January 19th, 2010

grumpy

Buscando en "gugel"


I think that not long ago, somebody asked how English sounded in another language. In the case of a lot of Spanish speakers, English looks "weird", as the one letter -> one sound rule barely applies. For quite a significant number of Spaniards, going the way around, that is, guessing how you write something you know how it "sounds" in English using Spanish rules, is quite challenging.

Of course, a lot can be said here, such as that even Spanish is confusing on the use of V/B, silent H, I/Y and the like for its speakers, spelling issues that plague the Internet. This case not only includes wrong transcriptions but also transcriptions that even don't work in Spanish, because we say "guguel" and not "gugel".

A blog publishes today a list of the least to most common Google searches on celebrities using "approximate" transcriptions of English names into Spanish. I say "approximate" because there are even some flagrant errors and it's how non-educated people write those names with this pseudo-transcription. Don't forget to read aloud in Spanish - Don't dare in English

"Españoles buscando en Gugel": http://www.luispablos.com/busquedas-en-google-humor-y-no-tanto-0


Llid Y Bledren Dymchwelyd

Television Programs in Spanish, French, German

Anyone want to share their favorite things to watch on TV in Spanish, German, and French? Crime series, game shows, reality TV, whatever ... I'm looking for stuff that's interesting and exciting, where I want to keep watching because it's enjoyable, and not just a language exercise, you know? Anything I can watch online is a bonus. I've just had it up to here with Telemundo telenovelas.
Athena of Pireus
  • fpb

Things are not always getting worse and culture is not always declining

Dante is the father of the Italian nation. No other poet in any other language has anything like his claim on the very identity and language of his country - not Cervantes, not Shakespeare, not in a million years Voltaire or Goethe or Pushkin or Tolstoy.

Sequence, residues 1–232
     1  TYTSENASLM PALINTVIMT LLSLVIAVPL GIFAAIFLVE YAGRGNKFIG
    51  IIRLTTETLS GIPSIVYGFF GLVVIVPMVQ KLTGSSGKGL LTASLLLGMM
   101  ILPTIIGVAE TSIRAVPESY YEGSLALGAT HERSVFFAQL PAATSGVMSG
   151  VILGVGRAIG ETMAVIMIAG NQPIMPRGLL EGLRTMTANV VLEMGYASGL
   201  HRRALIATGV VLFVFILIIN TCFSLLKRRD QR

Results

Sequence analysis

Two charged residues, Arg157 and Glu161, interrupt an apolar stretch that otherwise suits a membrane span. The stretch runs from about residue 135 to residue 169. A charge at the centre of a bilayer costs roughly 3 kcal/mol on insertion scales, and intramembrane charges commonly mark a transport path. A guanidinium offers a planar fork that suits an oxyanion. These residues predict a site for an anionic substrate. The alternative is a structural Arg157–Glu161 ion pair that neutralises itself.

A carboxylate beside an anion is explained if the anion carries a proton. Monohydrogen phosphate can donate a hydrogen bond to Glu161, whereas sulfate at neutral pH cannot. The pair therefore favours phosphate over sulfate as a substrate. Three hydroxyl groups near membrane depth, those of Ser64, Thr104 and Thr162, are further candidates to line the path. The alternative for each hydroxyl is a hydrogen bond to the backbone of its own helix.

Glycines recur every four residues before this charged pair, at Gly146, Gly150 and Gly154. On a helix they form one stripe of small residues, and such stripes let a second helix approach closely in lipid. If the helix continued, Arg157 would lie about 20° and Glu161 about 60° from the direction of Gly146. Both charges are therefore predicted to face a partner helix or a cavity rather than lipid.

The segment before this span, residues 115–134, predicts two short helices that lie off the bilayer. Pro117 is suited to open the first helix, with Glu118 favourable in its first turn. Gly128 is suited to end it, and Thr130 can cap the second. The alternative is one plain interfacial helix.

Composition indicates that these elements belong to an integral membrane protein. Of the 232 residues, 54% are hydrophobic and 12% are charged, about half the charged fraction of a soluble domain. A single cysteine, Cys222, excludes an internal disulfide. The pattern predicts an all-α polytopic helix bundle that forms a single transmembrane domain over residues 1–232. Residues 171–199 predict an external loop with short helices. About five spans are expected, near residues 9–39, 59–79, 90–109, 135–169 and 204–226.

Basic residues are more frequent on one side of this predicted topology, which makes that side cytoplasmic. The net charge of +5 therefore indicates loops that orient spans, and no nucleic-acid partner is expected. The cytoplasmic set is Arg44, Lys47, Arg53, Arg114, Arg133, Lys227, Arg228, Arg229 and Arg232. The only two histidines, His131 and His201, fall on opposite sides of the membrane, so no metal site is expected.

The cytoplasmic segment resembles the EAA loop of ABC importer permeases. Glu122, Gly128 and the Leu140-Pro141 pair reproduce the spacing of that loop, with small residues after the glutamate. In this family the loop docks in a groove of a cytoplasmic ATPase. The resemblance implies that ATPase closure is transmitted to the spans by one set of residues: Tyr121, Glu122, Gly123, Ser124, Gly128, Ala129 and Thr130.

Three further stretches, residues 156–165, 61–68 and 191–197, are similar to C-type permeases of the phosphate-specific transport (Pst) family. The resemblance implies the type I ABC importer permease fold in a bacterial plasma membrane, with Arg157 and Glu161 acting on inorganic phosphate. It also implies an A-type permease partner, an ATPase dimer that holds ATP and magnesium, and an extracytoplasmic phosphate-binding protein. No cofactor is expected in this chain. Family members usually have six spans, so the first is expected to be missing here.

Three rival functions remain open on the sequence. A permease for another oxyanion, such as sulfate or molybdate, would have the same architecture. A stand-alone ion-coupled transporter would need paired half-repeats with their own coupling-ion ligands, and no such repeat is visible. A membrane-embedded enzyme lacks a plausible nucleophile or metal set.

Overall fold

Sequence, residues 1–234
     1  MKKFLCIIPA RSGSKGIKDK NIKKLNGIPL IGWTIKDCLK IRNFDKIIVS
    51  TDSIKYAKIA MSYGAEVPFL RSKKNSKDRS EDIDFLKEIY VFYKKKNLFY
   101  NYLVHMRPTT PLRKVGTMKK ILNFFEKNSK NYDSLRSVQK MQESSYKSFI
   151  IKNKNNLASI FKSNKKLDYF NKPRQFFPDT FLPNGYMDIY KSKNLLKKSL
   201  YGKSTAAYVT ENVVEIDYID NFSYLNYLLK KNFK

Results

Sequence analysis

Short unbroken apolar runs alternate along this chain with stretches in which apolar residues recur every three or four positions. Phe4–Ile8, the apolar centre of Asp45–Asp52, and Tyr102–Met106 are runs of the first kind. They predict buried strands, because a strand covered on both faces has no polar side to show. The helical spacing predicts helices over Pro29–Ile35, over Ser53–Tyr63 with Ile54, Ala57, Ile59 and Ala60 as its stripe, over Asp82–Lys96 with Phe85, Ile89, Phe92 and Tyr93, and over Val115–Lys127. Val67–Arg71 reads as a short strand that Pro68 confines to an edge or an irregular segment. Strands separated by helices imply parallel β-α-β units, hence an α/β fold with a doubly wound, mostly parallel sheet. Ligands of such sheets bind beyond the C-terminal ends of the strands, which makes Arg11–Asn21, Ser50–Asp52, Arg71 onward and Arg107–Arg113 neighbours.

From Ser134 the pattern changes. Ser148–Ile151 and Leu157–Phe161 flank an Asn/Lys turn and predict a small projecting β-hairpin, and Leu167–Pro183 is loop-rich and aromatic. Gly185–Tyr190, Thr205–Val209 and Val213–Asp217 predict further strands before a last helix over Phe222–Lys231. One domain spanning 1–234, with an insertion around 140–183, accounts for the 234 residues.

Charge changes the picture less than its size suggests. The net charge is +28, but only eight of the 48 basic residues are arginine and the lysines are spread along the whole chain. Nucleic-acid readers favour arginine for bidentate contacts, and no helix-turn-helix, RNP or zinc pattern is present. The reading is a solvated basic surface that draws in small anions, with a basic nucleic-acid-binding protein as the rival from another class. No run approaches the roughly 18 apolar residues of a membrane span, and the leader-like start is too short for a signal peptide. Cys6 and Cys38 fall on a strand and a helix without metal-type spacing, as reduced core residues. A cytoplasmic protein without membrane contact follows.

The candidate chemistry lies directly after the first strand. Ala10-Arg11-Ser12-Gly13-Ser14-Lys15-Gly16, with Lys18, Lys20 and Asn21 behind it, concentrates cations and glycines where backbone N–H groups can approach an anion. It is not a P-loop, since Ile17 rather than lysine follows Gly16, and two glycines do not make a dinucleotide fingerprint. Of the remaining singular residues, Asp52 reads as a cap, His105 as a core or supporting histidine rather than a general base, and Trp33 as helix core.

And that is not only because, in the view of those who can read them all, he is, purely as a writer, the greatest of them all. It is that he made the Italian language. There was no Italian vernacular before him - no language capable of coping with the heights of intellectual life and the complexities of an advanced society; the official documents of Italian states and the philosophical tracts of giants such as Anselm and Thomas Aquinas were written in Latin. There was a groping towards such a language, inspired by contemporary French and Occitan models; but nobody had really gone beyond a simple, warm-hearted daily speech, capable of love and hate poems and of the devotion of St.Francis, but not of the high intellect of Thomas or of the complexities of the lawyers. For those you needed Latin.

Dante came, seized the language of the Florentine streets, and made out of it a medium worthy of philosophy, of high artistry, of legal and scientific communication. He foreshortened in his own volumes the work of generations of writers. And he did that while never for a moment losing the peculiar quality of daily language - the main reason, I think, why he called his work a "comedy". Would any other devotional writer be capable of the salty and astringent plebeian force of: "Christ never said to His disciples gathered/ 'Go forth and preach the world any old rubbish'"? (It is even better in the original: Non disse Cristo a Suo primo convento/ "Andate e predicate al mondo ciance".) Not even GK Chesterton and CS Lewis, and not in a million years any other modern Christian writer, however good; it is more like the style of a modern American thriller.